About This Course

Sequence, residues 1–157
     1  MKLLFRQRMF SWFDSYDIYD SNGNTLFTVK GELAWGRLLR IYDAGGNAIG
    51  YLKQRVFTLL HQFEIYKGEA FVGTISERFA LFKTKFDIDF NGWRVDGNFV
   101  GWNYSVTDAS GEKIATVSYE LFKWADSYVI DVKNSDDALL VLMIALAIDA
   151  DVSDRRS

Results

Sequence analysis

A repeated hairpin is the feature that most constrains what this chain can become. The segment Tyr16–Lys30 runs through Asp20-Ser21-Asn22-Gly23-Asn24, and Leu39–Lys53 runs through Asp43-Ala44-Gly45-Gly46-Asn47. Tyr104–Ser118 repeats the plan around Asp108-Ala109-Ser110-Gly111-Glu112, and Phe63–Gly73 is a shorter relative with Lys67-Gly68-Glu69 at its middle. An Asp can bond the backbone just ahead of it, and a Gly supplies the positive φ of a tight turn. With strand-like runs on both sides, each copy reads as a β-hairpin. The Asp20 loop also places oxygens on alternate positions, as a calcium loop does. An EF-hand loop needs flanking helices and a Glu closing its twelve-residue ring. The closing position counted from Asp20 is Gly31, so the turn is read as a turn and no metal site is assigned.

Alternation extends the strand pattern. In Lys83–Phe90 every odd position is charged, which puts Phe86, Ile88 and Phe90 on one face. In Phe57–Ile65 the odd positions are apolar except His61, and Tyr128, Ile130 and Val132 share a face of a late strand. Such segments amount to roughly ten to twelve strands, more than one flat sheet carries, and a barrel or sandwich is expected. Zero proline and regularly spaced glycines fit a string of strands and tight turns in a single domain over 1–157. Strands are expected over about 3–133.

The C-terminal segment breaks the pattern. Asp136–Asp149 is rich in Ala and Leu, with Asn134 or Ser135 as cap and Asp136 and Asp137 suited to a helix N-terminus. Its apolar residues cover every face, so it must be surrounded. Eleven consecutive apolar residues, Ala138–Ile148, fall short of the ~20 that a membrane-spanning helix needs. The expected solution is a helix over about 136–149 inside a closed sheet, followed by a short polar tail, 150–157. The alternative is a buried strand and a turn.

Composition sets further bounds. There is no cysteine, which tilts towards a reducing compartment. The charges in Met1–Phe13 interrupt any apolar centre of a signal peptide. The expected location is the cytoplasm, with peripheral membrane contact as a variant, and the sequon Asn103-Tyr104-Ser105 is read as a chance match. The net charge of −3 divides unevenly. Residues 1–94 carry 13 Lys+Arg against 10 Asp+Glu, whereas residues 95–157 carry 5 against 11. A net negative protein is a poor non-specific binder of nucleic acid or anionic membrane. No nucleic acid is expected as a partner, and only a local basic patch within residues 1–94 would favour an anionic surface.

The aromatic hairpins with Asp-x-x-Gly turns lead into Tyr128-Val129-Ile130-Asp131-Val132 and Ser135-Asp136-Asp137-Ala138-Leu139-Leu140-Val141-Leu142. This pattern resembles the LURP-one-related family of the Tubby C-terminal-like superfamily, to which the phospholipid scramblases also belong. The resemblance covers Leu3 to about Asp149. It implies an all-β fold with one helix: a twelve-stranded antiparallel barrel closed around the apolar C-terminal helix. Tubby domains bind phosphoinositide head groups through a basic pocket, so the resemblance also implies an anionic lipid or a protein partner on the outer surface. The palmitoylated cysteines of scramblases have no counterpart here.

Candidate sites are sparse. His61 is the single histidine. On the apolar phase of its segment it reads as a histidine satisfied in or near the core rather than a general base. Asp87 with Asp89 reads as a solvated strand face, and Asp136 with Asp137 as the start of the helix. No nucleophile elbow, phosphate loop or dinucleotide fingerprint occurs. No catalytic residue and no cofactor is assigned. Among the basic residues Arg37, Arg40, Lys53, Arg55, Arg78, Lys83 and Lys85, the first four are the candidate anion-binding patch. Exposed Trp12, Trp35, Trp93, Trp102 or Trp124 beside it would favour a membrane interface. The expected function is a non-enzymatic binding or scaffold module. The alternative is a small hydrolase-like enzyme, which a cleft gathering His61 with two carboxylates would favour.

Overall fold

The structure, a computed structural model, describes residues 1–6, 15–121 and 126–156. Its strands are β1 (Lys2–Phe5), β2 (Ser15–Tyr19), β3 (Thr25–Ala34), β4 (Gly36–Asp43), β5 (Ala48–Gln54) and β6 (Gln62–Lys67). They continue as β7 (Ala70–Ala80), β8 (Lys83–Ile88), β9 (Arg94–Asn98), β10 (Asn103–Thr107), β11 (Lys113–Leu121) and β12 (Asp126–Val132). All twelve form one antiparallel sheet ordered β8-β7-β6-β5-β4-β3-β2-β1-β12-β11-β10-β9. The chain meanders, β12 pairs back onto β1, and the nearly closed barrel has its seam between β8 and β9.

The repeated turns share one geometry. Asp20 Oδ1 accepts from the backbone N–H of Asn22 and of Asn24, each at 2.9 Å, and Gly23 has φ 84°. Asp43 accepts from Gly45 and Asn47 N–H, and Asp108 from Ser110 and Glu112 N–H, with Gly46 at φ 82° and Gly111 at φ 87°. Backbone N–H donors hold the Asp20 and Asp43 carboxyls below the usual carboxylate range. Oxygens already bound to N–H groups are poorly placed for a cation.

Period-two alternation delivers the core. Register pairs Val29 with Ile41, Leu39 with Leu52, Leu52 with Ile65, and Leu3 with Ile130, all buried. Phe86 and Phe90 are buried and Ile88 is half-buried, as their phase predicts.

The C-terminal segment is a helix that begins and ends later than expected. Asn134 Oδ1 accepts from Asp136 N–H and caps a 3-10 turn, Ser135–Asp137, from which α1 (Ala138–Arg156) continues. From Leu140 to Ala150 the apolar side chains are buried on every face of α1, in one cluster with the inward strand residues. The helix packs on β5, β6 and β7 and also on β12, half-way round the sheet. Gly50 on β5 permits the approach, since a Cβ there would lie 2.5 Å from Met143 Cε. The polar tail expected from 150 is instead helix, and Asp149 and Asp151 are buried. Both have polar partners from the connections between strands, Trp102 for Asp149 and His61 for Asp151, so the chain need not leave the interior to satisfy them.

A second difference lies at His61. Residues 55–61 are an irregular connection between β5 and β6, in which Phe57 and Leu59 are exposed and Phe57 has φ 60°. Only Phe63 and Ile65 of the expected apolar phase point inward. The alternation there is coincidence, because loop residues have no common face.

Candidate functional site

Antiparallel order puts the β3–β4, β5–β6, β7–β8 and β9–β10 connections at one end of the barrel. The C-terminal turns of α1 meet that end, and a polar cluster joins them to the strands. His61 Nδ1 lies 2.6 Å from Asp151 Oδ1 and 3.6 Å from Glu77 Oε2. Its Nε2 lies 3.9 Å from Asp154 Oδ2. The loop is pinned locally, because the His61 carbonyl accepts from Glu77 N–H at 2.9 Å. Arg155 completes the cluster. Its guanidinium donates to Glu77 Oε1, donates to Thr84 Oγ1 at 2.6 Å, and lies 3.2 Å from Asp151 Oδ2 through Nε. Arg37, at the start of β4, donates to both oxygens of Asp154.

This lab is about molecular fluorescence spectroscopy. In molecular fluorescence spectroscopy, a molecule is first irradiated with ultraviolet (UV) or visible radiation and then the emission of light of longer wavelengths is detected. Many common materials like certain minerals, human teeth, riboflavin (vitamin B2), etc. fluoresce, emitting visible light after absorbing ultraviolet light. Fluorescence spectroscopy is a technique of considerable practical importance. Measurements of fluorescence can provide important information regarding the molecule, its quantity and local environment, etc. Fluorescence spectroscopy finds widespread use in basic and applied researches of chemical and biological sciences fields of sensing, environmental monitoring, DNA sequencing, cell identification and sorting in flow cytometry, and so on. Analytical techniques based on fluorescence can yield low detection limits and are very sensitive (approach that of electrochemical methods), highly specific, often economical and relatively simple to perform. The high specificity arises from the fact that fluorophores exhibit specific excitation (absorption) and emission (fluorescence) wavelengths. In crime investigation, fingerprints can be revealed by their yellow fluorescence, when argon-ion lasers are used to flood an area with intense blue light.